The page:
When Darryl and I got together to talk about our resentments, hers centered around class: she saw my confidence, my ability to walk into a room and carry it, as a manifestation of privilege. While I grew up believing I was evil, believing that I deserved to die, and these were lessons taught to me underneath the mask of my parents’ privilege, it’s also true that I always knew I was smart: at least my parents gave me that. I was the obviously-traumatized child retreating into the relative safety of books -- but I could hardly speak to anyone before I realized the trap of my parents’ privilege, the violence they were enacting, and the lies I was forced to maintain in order to survive. I only started to become confident in the ways Darryl has experienced when I realized that I would always exist outside of the norms presented to me as reality, when I decided to throw that all in the trash.

Even though Darryl and I bonded through a shared experience of the violence of academia, and even though Darryl was as critical of that world as anyone I knew, she was still making a place for herself inside it. Part of this was about a lack of options for maintaining some kind of queer splendor in a world that doesn’t allow you that space. Unlike me, if her life collapsed in a world of pain, she could not attempt to rely on the privileges of her perpetrators in order to endure their harm.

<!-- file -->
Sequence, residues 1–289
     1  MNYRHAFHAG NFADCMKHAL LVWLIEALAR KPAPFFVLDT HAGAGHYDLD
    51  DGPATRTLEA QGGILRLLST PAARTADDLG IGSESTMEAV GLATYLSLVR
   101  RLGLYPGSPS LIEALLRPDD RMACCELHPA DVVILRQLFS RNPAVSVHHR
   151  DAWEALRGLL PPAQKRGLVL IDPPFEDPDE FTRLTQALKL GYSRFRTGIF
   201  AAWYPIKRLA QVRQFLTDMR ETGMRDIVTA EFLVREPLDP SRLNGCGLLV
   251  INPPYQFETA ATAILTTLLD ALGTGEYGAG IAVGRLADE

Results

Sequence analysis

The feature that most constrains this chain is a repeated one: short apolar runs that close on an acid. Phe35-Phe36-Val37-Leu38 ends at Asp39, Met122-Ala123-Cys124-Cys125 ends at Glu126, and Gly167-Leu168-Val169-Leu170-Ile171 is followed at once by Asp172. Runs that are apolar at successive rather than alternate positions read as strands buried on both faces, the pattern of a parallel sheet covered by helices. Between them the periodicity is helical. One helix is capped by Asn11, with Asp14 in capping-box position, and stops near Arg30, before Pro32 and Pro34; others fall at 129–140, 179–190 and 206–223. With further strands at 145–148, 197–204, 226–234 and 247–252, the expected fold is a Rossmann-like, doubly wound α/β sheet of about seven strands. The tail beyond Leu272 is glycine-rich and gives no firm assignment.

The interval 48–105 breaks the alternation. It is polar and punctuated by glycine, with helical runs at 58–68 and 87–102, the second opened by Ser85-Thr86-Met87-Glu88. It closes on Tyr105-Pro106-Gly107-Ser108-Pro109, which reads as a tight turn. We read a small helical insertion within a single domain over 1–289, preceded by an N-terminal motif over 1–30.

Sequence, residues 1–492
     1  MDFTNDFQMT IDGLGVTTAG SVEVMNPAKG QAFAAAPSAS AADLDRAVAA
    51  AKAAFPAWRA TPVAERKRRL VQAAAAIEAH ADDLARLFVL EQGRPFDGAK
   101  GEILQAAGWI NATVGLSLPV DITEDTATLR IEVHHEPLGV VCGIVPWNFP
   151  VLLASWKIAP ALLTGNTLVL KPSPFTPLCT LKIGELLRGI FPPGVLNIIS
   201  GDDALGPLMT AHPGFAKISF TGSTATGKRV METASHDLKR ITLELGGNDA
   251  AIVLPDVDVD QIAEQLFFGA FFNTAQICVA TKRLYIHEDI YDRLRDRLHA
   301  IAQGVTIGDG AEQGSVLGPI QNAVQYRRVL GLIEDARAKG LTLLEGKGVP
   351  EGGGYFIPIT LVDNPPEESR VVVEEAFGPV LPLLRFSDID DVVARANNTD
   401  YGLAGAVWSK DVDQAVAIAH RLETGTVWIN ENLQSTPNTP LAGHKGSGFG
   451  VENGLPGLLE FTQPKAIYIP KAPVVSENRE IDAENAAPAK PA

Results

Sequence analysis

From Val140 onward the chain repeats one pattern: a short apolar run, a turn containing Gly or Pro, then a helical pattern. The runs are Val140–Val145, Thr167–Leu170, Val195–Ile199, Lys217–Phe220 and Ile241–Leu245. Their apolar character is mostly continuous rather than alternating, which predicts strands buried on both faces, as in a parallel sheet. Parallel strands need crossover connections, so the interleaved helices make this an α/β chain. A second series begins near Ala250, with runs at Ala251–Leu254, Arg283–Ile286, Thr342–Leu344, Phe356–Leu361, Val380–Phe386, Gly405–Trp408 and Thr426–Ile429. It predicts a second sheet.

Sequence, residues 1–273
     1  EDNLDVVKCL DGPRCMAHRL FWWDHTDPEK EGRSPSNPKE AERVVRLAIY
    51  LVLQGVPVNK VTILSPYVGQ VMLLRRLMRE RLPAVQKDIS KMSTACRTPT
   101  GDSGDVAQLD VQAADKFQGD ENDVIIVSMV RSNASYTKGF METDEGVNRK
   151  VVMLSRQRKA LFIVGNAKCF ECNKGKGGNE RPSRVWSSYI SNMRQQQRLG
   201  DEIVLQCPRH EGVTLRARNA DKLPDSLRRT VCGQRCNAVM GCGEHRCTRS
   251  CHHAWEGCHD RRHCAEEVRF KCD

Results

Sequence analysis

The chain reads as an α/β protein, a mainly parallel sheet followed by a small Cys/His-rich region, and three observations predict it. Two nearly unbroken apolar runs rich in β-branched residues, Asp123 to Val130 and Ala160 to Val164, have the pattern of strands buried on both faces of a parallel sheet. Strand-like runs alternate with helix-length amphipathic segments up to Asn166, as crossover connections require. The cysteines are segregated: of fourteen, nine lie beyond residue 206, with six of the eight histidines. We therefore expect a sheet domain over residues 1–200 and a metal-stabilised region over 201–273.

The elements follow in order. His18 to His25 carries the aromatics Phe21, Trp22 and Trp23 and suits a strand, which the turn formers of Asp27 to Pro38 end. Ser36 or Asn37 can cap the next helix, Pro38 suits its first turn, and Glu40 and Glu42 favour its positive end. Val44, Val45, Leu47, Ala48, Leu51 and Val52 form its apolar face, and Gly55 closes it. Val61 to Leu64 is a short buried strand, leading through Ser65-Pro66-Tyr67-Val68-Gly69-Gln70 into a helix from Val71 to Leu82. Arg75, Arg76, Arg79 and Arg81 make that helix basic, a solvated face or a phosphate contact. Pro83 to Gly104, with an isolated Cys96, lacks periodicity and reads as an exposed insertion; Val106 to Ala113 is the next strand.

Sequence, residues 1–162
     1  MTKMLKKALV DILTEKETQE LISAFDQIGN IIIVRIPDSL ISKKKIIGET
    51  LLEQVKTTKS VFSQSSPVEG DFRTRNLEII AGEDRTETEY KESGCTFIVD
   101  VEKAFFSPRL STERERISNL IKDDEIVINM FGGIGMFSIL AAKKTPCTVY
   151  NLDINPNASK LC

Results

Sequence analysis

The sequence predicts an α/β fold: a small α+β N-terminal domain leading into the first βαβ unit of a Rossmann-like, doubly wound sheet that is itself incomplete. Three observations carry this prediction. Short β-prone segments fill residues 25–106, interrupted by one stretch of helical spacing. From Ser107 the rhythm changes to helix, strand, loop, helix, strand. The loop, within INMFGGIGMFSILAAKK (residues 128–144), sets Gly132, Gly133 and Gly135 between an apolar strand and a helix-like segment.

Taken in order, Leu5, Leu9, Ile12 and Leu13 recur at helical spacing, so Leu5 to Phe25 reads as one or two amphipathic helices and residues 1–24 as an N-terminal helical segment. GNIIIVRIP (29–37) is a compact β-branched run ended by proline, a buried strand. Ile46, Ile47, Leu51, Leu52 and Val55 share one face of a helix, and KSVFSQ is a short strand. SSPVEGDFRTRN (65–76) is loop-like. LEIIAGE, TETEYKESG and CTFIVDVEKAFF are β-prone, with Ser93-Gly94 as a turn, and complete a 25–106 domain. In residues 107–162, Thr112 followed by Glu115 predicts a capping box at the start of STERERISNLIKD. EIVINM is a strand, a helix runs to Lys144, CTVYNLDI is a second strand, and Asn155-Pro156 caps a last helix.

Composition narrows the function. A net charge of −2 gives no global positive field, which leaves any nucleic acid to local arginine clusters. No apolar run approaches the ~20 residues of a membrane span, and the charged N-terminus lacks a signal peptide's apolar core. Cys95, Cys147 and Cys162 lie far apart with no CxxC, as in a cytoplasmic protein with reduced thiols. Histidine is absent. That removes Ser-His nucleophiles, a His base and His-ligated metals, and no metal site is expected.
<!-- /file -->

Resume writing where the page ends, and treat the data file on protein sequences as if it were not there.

One of the things that scares me the most about academia is the way that it can make anything abstract; I can read a theoretical work about everything that allegedly means something to me, and it just makes me feel dead. I go to that disembodied place where I went to survive my parents. When I heard Darryl utilizing that language it made me feel distant from her too. Even if she would still offer scathing critiques, like when she would question anyone who’d spent decades in academia and still called themselves working class, using the cachet of outsider to maintain insider status.